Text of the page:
Before I deal with the minor amendments to the Act of 1934 I would like to refer to Section 14 of the Bill dealing with compensation. This section was introduced in response to representations made during the passage of the Bill through the Dáil. Under the Act of 1934 compensation may be claimed after a planning scheme has come into force in respect of a reduction in value of property, damage, or loss, arising out of the coming into operation of a provision in a planning scheme, subject, however, to any declaration contained in the scheme that no compensation is to be payable on account of or arising from the coming into operation of any specified provision reserving or allocating lands for specified purposes; or limiting the density of dwellings, or regulating the size or curtilage of dwellings; or controlling the design, colour and materials of buildings and other structures; or providing for the preservation of amenities, excepting a provision reserving lands for public parks, open spaces or other particular purposes whether public or private.
It might be held that restrictions of this kind should not be imposed without compensation, but the basic principle underlying town planning is the regulation of development in the public interest, and where such regulation is necessary for the orderly development of an area the community should not be required to pay compensation. The evils resulting from unregulated development in the past have proved very costly to rectify. If little attention is given to securing a proper environment for the homes of the people, there would likely be a recurrence of those conditions which are associated with slum dwellings. The health of the people is paramount and town planning lays down the basis upon which good housing can be secured for them. It was upon consideration of all the issues involved that the Act of 1934 enacted that claims for the assessment and payment of compensation were to be determined only after the provisions of the scheme had been brought into operation.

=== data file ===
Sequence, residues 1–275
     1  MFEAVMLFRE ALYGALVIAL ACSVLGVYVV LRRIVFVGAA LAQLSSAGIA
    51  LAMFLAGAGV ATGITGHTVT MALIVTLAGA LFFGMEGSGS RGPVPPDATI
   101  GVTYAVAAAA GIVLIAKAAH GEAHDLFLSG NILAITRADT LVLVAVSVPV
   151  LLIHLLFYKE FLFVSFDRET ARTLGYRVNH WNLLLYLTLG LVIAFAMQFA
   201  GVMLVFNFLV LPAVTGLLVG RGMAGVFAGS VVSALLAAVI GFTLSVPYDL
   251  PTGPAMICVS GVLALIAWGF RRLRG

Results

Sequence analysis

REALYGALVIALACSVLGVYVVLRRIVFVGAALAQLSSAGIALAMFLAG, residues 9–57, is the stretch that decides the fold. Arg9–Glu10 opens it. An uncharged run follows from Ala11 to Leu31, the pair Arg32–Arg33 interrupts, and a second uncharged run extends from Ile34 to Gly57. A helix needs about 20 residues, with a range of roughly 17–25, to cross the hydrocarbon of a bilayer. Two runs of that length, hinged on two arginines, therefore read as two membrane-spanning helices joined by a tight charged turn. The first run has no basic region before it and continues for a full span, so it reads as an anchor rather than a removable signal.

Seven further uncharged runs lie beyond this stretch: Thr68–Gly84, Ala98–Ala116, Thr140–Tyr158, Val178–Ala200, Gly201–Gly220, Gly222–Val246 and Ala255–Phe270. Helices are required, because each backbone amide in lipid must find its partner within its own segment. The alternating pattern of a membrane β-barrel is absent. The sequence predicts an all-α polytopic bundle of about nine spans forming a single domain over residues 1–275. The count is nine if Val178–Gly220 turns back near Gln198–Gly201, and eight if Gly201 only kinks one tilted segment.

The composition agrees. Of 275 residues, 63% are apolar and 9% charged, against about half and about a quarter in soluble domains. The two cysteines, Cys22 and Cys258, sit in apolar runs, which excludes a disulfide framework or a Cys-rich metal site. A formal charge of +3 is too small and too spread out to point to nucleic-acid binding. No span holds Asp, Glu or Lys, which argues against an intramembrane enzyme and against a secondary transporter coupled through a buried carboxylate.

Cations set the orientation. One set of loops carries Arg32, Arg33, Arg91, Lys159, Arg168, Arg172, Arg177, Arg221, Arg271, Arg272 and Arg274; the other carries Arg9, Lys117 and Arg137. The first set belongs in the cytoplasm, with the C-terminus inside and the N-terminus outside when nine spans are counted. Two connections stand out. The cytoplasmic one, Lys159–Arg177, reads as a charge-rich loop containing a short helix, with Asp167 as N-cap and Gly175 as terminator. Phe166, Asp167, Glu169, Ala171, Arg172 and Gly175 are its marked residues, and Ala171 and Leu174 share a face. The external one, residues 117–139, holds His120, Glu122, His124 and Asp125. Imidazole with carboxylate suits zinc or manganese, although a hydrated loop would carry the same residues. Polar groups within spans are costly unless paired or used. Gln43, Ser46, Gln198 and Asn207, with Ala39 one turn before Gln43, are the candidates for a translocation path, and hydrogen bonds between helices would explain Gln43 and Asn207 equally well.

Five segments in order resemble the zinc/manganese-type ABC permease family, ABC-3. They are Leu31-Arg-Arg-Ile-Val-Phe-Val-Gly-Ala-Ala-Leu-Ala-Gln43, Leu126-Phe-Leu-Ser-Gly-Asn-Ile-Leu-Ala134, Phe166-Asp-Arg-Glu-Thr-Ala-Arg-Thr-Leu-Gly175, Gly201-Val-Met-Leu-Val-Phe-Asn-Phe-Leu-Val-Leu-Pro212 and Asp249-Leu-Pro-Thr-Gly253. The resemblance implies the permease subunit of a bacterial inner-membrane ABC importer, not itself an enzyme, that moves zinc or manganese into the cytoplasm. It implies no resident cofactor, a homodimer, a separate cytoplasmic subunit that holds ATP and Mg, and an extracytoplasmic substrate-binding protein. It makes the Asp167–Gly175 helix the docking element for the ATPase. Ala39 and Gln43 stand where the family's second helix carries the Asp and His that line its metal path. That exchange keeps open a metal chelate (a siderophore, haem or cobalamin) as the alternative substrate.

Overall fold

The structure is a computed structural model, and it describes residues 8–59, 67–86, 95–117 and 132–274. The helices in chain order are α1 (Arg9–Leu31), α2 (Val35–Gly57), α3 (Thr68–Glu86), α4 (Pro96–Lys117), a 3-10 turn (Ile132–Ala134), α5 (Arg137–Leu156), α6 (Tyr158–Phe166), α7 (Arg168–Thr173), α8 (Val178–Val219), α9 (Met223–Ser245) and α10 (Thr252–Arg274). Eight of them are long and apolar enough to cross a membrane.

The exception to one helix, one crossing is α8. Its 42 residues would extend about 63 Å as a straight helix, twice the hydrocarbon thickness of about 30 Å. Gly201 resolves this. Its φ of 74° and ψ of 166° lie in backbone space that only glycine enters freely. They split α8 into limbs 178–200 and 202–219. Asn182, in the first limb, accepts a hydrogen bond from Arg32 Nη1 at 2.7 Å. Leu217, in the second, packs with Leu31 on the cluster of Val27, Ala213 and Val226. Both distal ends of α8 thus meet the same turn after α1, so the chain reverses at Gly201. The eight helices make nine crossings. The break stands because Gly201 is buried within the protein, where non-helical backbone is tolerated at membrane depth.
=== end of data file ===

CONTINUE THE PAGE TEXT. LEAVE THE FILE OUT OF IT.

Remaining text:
Section 14 of the Bill will enable claims for compensation to be dealt with before the scheme is brought into force subject to the provisions in the Act of 1934 as to the exclusion of compensation in certain circumstances. The procedure in Section 14 is as follows: Where during the interim period, that is, the period between the passing by the planning authority of a resolution for the making of the relevant planning scheme and the coming into operation of such scheme, any person applies under the Act of 1934 to the planning authority for permission for the carrying out of a particular work, the planning authority can direct either that permission be refused; or that permission for the carrying out of such work be granted subject to conditions to be specified in the permission; or, in case the work is one that has already been begun, whether before or after the passing of the resolution for the making of the scheme, prohibit the further proceeding with it.